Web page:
Jonathan Rothwell, associate fellow at the Brookings Institution and author of the report told 24/7 Wall St., “the course requirements for some of these jobs [include] things like electronics, physics, engineering, technology. There’s usually some math requirement too.” These workers, Rothwell added, also “have longer periods of on-the-job training” than many jobs that require a college degree.
Many sub-bachelor STEM jobs have grown fairly quickly. According to Rothwell, there has been strong growth in health care and computer systems occupations, while production occupations have been shrinking. According to BLS projections, from 2010 to 2020, the numbers of registered nurses and computer systems analysts will rise 26% and 22%, respectively. Meanwhile, the number of workers employed as machinists — or in similar occupations — is expected to rise just 7%.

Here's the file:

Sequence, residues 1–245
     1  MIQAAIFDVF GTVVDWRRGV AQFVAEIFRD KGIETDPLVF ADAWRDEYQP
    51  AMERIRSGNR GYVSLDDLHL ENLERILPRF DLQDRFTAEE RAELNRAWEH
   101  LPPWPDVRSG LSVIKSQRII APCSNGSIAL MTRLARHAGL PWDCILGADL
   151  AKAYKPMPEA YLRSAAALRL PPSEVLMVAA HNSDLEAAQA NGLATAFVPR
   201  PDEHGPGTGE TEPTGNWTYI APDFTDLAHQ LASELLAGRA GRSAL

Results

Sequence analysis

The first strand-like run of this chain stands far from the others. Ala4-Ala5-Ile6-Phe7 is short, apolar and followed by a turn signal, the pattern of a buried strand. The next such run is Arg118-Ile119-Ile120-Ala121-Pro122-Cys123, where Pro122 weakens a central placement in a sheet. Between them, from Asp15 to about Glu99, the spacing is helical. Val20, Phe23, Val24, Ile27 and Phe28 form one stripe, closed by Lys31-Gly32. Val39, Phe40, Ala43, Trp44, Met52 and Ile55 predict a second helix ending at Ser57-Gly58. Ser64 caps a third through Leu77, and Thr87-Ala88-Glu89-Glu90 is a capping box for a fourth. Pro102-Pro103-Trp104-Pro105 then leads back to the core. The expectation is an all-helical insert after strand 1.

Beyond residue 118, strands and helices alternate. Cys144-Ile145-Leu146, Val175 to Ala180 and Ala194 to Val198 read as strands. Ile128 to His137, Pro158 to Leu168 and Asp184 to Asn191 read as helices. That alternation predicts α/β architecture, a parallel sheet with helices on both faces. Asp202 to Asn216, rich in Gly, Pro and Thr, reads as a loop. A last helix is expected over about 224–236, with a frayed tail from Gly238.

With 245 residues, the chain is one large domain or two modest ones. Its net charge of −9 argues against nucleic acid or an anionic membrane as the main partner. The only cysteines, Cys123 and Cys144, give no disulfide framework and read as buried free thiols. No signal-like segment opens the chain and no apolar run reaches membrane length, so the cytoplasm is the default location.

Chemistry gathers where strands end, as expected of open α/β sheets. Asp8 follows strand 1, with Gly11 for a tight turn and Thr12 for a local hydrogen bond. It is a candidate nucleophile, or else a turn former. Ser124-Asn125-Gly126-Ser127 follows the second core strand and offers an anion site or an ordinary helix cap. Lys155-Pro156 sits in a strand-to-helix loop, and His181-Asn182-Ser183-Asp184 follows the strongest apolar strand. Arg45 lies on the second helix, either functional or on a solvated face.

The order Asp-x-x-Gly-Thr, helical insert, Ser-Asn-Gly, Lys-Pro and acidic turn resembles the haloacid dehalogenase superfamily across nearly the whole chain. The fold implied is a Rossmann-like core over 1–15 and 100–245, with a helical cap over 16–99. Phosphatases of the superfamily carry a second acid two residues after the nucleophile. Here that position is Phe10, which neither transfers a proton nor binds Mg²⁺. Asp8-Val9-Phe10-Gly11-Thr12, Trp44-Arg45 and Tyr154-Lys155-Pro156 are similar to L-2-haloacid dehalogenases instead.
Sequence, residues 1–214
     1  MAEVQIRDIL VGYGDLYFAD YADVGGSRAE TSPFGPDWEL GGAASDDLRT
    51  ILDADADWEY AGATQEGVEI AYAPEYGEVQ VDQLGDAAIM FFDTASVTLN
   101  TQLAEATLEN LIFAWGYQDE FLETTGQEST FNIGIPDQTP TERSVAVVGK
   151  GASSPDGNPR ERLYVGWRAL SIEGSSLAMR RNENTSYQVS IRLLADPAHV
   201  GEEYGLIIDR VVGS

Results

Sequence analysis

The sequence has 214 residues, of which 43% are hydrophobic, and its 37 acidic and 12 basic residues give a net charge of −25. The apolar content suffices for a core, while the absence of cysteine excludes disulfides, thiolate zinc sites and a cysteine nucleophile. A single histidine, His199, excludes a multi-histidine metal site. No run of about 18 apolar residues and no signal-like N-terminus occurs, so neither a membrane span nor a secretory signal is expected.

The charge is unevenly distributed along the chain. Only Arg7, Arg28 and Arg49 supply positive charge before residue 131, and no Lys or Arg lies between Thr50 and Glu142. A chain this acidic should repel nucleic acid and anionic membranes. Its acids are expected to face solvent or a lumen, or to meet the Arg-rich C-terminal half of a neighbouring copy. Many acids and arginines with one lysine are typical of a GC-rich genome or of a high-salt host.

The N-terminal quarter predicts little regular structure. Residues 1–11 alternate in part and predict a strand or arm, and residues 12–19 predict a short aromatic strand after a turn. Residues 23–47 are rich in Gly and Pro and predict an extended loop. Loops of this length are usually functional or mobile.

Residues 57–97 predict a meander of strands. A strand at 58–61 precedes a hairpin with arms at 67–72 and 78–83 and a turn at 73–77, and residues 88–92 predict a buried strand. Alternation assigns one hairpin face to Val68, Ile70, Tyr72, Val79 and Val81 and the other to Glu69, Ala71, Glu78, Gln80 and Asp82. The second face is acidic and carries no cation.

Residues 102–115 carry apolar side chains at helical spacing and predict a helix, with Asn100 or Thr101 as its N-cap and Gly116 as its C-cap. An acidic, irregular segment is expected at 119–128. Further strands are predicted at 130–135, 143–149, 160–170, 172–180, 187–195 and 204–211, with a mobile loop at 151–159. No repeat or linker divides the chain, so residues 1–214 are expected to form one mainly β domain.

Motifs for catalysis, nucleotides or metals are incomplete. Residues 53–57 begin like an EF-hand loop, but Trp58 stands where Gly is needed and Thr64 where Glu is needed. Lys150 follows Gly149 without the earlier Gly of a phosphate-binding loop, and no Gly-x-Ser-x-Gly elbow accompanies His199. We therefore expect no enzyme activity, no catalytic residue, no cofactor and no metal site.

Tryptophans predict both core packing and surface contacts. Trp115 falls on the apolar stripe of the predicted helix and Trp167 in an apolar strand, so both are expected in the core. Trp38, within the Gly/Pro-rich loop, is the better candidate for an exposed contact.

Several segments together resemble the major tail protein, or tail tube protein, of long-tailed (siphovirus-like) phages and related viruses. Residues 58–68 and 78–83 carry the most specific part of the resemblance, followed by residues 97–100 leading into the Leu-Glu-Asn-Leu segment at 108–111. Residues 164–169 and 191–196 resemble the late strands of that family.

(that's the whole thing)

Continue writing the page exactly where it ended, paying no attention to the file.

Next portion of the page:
Based on figures published by the Brookings Institution’s report, “The Hidden STEM Economy,” 24/7 Wall St. reviewed the most popular high-tech jobs in the United States that do not require a college degree. Additional data on individual occupations came from the BLS’s Occupational Outlook Handbook. Average annual wage and employment count per occupation came from the Bureau’s May 2011 National Occupational Employment and Wage Estimates (OES). In identifying STEM jobs, Brookings consulted O*NET surveys to measure the level of science, technology, engineering and math knowledge required for each occupation. O*NET is a database for occupational information sponsored by the Employment and Training Administration.
These are the high-tech jobs that do not require a college degree:
8. Welders, Cutters, Solderers and Brazers
- Number of jobs: 316,290